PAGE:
The Los Angeles Memorial Coliseum has been the home to the National Football League's Rams and Raiders, baseball's Dodgers, college football's USC Trojans and the 1932 and 1984 Summer Olympics.
Now, the company willing to shell out the most money will be able to stake a claim to the stadium, too. Officials with the Los Angeles Memorial Coliseum Commission, the public agency that operates the 85-year-old stadium, said Monday they are putting the name of the building on the market, in an effort to finance more than $100 million in renovations.
Deals with companies to name sports facilities have become commonplace, yet the name of an iconic stadium much less one in the second-largest U.S. media market rarely gets put up for auction.
A rich history has made the coliseum's boosters bullish. They are predicting a deal valued at $6 million to $8 million a year. Plans call for spending more than $100 million during the next decade to buy a new video board and construct new bathrooms, concession areas and locker rooms at the 92,000-seat stadium.
"People don't get how valuable these naming rights could be," said David Israel, chairman of the coliseum commission.
The stadium was named for veterans of World War I and is known for its 15 majestic arches at one end of the stadium, the largest of which is 44 feet high and has held the Olympic flame. Carl Lewis first struck gold at the 1984 Olympics at the coliseum, and Billy Graham preached to more than 134,000 people there in 1963.
The naming rights have cachet, even in an economic slowdown, because the coliseum is home field to one of the country's perennial college football powers and is the main outdoor venue in Los Angeles, said Jeff Knapple, principal of Los Angeles sports-and-entertainment company Wasserman Media Group and the man charged with selling the Coliseum's name.
The University of Southern California is one of the biggest football draws in the nation. Tickets regularly sell out, and USC's teams have turned out NFL stars such as Reggie Bush of the New Orleans Saints and Carson Palmer of the Cincinnati Bengals. The Trojans won national championships in 2003 and 2004, and head coach Pete Carroll's teams have produced 30 first-team All-Americans and had three Heisman Trophy winners in one four-year span.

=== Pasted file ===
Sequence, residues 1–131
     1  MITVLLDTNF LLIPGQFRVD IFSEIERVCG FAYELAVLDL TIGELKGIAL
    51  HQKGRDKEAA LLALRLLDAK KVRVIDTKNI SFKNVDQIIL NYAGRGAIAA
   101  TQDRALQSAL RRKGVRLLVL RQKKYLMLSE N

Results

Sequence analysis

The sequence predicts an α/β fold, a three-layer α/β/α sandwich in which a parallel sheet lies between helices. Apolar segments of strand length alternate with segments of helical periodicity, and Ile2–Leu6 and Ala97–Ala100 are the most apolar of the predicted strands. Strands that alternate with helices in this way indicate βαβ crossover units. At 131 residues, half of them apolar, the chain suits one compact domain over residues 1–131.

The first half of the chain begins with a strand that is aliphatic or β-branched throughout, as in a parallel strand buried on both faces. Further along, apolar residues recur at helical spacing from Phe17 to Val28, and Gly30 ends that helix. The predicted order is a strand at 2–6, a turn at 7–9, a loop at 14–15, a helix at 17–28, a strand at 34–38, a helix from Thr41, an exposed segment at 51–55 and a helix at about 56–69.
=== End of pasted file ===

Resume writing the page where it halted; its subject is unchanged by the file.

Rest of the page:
The commission also is hoping to benefit from the NCAA's looser policy toward corporate signage on the field than rules for the NFL: The logo and name can be painted on the grass, though not on the field of play.
But Knapple has his work cut out for him. Naming-rights deals for college football stadiums are rare and have yet to fetch more than $2 million a year. Beginning next year, TCF Bank will pay the University of Minnesota $35 million to put its name on the school's football stadium for 25 years. Bright House Networks is paying the University of Central Florida $15 million for the naming rights to Bright House Stadium for 15 years.
What's more, selling the name of an existing building is more difficult than one under construction.
"A company has to think hard about whether people are just going to call the stadium what they have been calling it for years," said T.J. Nelligan, principal of Nelligan Sports Marketing, a sports marketing firm based in New Jersey.
The start of the naming-rights process also means a likely end to the prospects of the NFL's returning to the L.A. Coliseum. Since the Raiders left Los Angeles in 1994, the NFL has repeatedly flirted with returning a team to the region and to the coliseum itself, at least temporarily, until a new stadium could be built. The prospect of a naming-rights deal could have helped lure a new pro team.
But the coliseum commission's Israel said those talks have been dead since 2006, at which time the commission focused on signing a long-term lease with USC. Last month, the two sides signed a 25-year lease giving the commission 8 percent of USC's ticket sales about $1.5 million a year but commits the agency to a list of renovations.
With voters in California against public funding for sports stadiums, commission leaders said naming rights became the only way to pay for the projects.
"We needed a bigger boost," said Pat Lynch, the stadium's general manager. "When the naming-rights deal comes, we'll have the money we need."